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Europe’s EV market is skidding, new China tariffs will make it worse

Tiered tariffs

In a widely anticipated move, the European Commission on Wednesday announced it will impose import duties of between 17.4% to 38.1% on electric vehicles made in China effective next month. 

While recent US plans to curtail competition from China are something of a blunt instrument – 102.5% tariffs on all imported cars – the EU has devised a tiered system based on levels of co-operation with the investigation launched in October last year and the sampling of products from automakers building EVs in China. 

Brussels’ countervailing duties to what it calls Beijing’s unfair subsidization of its electrified car industry start at 17.4% on BYD vehicles making their way to Europe, 20% on Geely (owner of the Volvo and Polestar marques) and 21% on a variety of other OEMs including BMW, Nio, Xpeng, Leapmotor, JAC and Tesla. 

Tesla “may receive an individually calculated duty rate” in November when the investigation wraps up, the Commission said without elaborating. A top rate of 38.1% applies to state-owned SAIC, which the bloc’s executive arm said did not co-operate with the probe.  

These tariffs also come on top of a 10% duty already levied on all vehicle exports into the EU.

Europe’s EV market is skidding, new China tariffs will make it worseWrong way 

The reaction from Europe’s largest automakers – Volkswagen, Stellantis, BMW and Mercedes – were negative across the board with BMW CEO Oliver Zipse calling it “the wrong way to go” and that the duties harm European companies and interests.  

Volkswagen believes the Commission’s move is “detrimental to the current weak demand for BEV vehicles in Germany and Europe” while Stellantis said the additional duties will not deter it from pursuing its strategy, including its deal with Leapmotor. 

In October last year, Stellantis said it will invest $1.6 billion to acquire roughly 20% of the Chinese electric vehicle start-up,  forming a joint venture to manufacture, export and sell the Chinese company’s EVs in Europe and elsewhere – as soon as 2025.   

Made in China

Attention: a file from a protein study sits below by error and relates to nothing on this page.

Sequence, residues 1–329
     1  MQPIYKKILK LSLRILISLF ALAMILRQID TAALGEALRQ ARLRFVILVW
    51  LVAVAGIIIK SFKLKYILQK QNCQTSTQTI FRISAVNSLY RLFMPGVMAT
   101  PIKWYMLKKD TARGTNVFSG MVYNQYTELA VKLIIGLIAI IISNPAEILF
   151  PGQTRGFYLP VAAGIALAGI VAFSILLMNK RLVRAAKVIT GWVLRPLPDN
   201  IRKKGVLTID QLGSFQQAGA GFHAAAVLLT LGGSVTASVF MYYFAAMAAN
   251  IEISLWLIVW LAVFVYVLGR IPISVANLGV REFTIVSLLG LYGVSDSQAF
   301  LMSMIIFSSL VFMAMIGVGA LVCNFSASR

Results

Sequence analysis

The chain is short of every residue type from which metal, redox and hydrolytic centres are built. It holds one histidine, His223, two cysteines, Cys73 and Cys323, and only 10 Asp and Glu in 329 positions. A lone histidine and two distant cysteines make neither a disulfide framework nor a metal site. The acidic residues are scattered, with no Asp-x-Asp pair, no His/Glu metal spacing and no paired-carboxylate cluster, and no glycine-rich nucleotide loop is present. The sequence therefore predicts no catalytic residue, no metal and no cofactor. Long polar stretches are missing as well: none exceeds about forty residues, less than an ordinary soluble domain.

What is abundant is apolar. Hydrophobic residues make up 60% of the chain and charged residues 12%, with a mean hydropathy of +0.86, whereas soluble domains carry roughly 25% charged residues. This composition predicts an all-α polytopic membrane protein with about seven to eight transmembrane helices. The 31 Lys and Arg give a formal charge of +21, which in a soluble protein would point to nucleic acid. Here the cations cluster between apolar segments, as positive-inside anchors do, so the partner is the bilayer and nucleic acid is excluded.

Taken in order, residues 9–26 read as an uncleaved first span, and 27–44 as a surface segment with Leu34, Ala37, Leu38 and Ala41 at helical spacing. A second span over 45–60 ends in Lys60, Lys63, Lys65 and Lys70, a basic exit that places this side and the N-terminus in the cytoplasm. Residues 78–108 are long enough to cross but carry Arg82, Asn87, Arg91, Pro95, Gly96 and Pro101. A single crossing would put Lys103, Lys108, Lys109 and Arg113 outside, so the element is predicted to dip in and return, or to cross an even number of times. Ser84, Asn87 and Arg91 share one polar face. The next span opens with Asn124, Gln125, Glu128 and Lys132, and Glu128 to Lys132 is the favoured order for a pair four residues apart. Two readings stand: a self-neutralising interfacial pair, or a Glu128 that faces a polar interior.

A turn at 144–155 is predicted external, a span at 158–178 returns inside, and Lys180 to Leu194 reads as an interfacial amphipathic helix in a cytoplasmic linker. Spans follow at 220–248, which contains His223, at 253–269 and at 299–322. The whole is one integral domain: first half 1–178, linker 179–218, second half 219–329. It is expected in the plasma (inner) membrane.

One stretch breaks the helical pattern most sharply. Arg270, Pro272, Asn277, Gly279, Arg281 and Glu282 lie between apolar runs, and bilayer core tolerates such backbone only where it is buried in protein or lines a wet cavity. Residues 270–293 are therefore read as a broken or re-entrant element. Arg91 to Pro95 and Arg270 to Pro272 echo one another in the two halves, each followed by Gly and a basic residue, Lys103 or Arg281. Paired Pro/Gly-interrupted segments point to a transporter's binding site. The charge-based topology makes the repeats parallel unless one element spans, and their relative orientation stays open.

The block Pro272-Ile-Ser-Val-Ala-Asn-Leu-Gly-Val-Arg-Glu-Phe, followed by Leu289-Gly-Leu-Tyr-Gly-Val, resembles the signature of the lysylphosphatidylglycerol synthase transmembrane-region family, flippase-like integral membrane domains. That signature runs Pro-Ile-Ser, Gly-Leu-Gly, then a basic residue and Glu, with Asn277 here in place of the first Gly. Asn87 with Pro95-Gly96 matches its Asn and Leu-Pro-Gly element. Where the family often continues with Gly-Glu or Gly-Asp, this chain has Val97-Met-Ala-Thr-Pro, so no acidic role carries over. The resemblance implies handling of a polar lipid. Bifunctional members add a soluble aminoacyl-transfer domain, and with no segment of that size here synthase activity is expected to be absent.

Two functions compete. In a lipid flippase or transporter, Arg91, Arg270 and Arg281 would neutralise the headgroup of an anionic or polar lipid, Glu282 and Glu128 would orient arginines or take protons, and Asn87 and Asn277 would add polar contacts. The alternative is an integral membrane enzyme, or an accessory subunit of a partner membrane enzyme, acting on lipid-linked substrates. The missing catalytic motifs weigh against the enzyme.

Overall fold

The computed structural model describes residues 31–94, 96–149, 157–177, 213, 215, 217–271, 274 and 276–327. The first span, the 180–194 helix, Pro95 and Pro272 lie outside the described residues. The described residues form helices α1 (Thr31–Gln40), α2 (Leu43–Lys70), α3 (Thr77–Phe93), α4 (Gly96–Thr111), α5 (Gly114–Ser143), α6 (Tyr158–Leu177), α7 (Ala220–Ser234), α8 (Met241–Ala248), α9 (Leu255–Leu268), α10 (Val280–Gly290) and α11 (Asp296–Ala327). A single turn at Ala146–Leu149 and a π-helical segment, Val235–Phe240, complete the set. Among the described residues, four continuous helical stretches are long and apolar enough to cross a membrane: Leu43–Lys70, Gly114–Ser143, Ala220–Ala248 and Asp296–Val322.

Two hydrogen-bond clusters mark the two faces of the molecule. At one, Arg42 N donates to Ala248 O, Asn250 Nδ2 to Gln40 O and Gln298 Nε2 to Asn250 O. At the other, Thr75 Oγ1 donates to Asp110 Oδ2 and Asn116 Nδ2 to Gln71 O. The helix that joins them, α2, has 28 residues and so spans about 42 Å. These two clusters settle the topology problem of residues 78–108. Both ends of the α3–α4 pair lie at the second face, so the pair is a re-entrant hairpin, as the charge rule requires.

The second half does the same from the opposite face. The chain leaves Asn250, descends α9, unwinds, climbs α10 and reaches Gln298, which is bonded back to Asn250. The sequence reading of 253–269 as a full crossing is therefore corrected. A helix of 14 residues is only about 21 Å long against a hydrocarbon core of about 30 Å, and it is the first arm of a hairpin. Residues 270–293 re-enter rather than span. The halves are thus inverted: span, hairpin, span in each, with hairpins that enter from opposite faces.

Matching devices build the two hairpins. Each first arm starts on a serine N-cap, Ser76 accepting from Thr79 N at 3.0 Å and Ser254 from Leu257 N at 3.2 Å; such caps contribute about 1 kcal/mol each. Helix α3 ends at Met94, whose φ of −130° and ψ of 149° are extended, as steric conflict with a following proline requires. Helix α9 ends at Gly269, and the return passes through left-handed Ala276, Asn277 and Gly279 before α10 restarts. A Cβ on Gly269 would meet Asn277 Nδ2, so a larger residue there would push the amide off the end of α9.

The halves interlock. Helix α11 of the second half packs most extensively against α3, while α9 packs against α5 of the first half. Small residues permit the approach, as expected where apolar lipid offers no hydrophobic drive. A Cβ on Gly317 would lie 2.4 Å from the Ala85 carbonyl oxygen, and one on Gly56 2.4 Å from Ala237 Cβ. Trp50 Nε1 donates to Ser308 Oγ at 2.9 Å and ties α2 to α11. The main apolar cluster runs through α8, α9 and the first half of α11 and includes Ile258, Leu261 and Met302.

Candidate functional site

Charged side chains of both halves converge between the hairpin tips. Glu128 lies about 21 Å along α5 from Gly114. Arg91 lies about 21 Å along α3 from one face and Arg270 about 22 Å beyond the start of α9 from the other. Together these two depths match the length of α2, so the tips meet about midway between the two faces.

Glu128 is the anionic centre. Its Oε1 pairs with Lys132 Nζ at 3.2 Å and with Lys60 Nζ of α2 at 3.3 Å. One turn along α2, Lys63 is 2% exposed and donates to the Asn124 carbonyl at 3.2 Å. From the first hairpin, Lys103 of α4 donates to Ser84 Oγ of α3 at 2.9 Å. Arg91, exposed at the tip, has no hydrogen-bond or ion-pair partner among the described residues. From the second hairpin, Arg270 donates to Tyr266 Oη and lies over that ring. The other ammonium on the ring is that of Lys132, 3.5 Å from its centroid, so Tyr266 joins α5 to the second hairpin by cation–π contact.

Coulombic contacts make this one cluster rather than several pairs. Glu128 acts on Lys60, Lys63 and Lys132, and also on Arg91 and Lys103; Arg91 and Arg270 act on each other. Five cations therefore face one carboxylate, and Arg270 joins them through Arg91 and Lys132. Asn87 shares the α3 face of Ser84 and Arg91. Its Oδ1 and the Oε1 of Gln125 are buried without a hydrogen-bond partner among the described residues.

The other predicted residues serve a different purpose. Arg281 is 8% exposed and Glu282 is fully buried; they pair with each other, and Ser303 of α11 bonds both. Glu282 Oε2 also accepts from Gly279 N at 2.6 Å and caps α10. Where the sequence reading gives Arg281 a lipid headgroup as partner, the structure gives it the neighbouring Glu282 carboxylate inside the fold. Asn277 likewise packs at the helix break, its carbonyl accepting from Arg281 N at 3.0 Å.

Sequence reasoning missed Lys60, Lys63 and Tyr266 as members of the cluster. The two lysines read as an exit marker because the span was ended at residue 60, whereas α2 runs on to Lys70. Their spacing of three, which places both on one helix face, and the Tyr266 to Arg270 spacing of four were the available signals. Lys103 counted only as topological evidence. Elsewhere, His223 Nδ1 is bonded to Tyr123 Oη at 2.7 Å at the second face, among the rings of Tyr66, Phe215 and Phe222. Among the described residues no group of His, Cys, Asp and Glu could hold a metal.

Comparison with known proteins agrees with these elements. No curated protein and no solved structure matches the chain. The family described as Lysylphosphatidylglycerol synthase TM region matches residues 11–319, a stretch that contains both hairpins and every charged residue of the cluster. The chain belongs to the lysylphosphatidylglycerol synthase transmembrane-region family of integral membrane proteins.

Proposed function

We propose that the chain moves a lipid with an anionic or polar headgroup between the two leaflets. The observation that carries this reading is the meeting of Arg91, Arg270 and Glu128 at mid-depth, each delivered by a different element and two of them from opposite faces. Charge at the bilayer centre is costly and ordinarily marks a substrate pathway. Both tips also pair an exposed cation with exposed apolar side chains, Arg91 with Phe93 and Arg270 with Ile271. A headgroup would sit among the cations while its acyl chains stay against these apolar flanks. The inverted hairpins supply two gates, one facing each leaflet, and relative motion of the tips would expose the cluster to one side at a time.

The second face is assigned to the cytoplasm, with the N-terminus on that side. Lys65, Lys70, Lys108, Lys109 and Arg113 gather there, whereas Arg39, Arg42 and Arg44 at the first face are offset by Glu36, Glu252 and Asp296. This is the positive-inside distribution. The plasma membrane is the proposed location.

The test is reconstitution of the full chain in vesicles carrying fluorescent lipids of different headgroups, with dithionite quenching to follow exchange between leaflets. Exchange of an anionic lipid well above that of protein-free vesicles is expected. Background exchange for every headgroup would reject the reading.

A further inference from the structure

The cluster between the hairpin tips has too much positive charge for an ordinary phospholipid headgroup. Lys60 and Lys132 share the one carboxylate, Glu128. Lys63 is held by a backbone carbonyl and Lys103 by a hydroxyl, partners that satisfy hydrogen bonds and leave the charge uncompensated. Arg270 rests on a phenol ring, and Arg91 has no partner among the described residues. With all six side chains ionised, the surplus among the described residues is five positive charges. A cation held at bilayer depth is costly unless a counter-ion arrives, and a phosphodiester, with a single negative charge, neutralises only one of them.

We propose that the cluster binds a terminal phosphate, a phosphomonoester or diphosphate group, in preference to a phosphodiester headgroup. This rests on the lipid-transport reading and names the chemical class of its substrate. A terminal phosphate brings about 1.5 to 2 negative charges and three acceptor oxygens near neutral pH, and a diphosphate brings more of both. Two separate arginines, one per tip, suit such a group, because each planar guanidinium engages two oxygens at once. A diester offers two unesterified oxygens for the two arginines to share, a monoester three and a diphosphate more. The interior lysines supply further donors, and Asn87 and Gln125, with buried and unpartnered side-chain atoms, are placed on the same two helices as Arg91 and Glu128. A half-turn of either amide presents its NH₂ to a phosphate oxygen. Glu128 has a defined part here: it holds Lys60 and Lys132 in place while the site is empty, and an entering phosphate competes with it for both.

Nearly 113,000 of the EVs that found buyers in Europe, including the UK and non-EU states, in the first quarter of 2024 came from China.  

Adamas Intelligence data shows that just over 19%, or 7.0 GWh, of the combined battery capacity of EVs sold in Europe in Q1 were made-in-China. That’s down from a 22% share in Q1 2023 when 7.3 GWh of fresh Chinese battery power rolled onto European roads.  

The majority were non-Chinese owned brands, including Dacia, BMW, Honda and Tesla.    

In the 2023 calendar year the combined battery capacity of Chinese-made EVs climbed to 408.9 GWh (or 59% of the global total) and the country exported 49.5 GWh of installed battery power to the rest of the world.

China is electrifying its car parc at triple the US rate

Eurozoning out

Worldwide, the combined EV battery capacity deployed in Q1 of this year, including plug-in (PHEVs) and conventional hybrids (HEVs), increased by a healthy 24% year-over-year to 160.9 GWh.   

At 82.6 GWh, Chinese EV buyers led the pack, rolling 34% more power-hours onto the country’s roads in Q1 2024 than the same period last year. That compares to 23.9 GWh and 11% growth in the US, and an 8% expansion in Europe to 36.4 GWh.  

Germany, until now the world’s third largest EV market, is most responsible for Europe’s current underperformance. The country saw a combined 6.5 GWh of fresh battery power hit autobahns during the first three months of the year.  That’s down more than 8% from last year’s 7.1 GWh. 

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